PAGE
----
I'm currently working on the first draft of a screenplay, and it's not very good right now.

It's little things; some parts go too quickly or slowly, other dialogue exchanges need improvement, and the word choice could be better.

This isn't surprising, since first drafts tend not to be great, but I'm worried that I may be lingering too long on parts my first draft, when it isn't even finished.

I'm thinking that it may be a better idea to just get my first draft completed, then worry about the details during a second run through it. At least then I have a better picture of the overall plot. Would that be a good idea?

3 Answers 3


It's an excellent idea.

Your considerations are quite correct - a first draft can be absolutely terrible; most of its value is in fleshing out general details, structure and plot. It gives you a skeleton framework which you can the edit the heck out of. Therefore, there's no reason to worry if some parts are not all they could be. You know what improvement they need (if they remain as-is); you don't know what'll be needed for the parts you haven't written yet. So first, finish the draft.

Or look at it this way: there's no point in tightening up a dialogue and polishing it to perfection if next week you decide that your one-legged ballet dancer should actually be a tap-dancing robot. If you spend your time making the current scenes marvelous, that's effort that'll be wasted if you need to change just about anything - and you most assuredly will. So, yes, having a complete first draft will give you a much firmer foundation to build (and edit) around.

(Of course, every author has their own creative process; not everybody uses a first draft in this particular fashion. But my understanding is that this view of a first draft is exceedingly common and highly recommended - plus, it sounds like you're leaning in the same direction anyway :P )


Personally I view writing as art, you don't have the masterpiece on the first brush stroke.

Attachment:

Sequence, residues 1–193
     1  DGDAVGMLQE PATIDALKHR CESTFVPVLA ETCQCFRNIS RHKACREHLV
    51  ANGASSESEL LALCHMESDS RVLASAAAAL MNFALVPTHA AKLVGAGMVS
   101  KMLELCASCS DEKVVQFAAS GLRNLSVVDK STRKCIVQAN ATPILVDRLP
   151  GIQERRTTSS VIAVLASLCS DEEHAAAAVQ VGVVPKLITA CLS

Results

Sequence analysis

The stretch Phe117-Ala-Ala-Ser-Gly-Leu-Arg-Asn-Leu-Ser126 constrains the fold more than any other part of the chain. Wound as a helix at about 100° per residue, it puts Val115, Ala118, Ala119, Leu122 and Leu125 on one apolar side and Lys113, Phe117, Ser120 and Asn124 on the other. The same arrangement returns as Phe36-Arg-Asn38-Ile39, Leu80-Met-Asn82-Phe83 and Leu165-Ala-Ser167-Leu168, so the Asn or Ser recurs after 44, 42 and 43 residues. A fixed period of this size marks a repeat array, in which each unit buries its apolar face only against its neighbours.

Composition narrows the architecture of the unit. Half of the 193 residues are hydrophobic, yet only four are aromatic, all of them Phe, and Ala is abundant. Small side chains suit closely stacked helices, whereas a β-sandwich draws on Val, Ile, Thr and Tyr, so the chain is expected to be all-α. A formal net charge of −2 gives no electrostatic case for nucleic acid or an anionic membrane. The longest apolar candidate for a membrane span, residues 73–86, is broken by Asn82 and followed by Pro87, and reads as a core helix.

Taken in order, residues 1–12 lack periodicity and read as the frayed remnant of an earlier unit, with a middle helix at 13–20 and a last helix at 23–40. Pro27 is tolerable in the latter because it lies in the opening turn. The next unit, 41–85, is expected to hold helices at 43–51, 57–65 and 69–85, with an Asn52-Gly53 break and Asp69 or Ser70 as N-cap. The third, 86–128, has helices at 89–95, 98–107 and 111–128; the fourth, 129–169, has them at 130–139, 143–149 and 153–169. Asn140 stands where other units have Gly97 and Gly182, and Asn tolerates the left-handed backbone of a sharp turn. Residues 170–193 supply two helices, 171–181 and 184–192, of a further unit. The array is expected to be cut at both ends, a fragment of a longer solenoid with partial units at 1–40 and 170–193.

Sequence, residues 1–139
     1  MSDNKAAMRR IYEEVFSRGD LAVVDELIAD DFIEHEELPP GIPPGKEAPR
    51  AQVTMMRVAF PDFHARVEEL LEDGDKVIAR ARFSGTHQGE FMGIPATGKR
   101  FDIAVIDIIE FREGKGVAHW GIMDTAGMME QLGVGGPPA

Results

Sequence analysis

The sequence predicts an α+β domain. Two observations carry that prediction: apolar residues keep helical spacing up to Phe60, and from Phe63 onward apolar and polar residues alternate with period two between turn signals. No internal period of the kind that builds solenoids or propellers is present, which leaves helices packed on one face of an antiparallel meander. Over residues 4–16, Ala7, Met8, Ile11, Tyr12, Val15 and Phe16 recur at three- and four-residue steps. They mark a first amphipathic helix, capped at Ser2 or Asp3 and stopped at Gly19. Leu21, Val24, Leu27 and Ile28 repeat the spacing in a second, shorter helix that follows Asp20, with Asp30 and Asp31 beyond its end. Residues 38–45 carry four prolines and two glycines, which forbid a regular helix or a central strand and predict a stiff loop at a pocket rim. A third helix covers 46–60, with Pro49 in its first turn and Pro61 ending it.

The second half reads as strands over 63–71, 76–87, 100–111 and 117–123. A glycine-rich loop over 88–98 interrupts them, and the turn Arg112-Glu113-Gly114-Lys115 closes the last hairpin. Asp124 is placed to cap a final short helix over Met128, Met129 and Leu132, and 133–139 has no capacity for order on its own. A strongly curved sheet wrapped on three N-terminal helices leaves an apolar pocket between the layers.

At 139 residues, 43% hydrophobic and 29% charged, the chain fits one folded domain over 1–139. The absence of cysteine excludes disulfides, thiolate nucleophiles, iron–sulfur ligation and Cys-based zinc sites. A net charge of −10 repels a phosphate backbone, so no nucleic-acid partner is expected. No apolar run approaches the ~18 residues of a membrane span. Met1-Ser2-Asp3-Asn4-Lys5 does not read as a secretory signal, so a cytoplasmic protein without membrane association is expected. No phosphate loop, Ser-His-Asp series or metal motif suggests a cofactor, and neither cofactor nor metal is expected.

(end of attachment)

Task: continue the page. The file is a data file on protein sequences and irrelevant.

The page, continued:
I do the following 1st draft - pretty much a brain dump, I write without regardless to grammar, subplots, and details so in the end it looks like this

Jack ran around the big vampire to snatch the grey keystone The vampire falls dead from Jack's sister as she calmly remarks on Jack's lack of planning

2nd draft is plot, location details and character details

As the full moon rose behind Jack, he stared at the cyprt intentely. "This must be the place" he muttered shoving the map back into his pocket. "Damm I wished I remenbered to get the garlic. Oh well DartLing knows I am onto him and will move the keystone"

Jack dodge to avoid the crashing blow of the heavy stone as DartLing was on him faster than he could blink "Give me the stone human and I promise your death will be quick". DartLing was about to speak but the words would forever remain un-spoken as a razor sharp yew stake pieced his black heart.

"Thanks Sis, althought I had him" Julie snorted as she rolled DartLing over with her foot aiming her huge crossbow at the smoking corspe just to make sure. "Yea you had him like the time you tried to see the Macaw Cystral and forgot your wire cutters".

3rd draft - Grammar, spelling and flow

4rd draft - I give it to someone else to read and comment on it (not the whole thing just a few choice chapters)


It all depends on how you write. I can see that spending a lot of time on a first draft so that it is a correct first draft is important. It may be, if you are not really happy with it currently, it may be that there are some core issues that you need to resolve in this draft.

The danger is that you continue to build on a first draft, spend a lot of time on it, and only by the 3rd or 4th do you realise that there is a crucial flaw ( or someone else reading it points this out ).

So don't work on it being perfect, but do make sure that the core work is there and right. Working a long time to get that right is very worth while. then everything else is straightforward.

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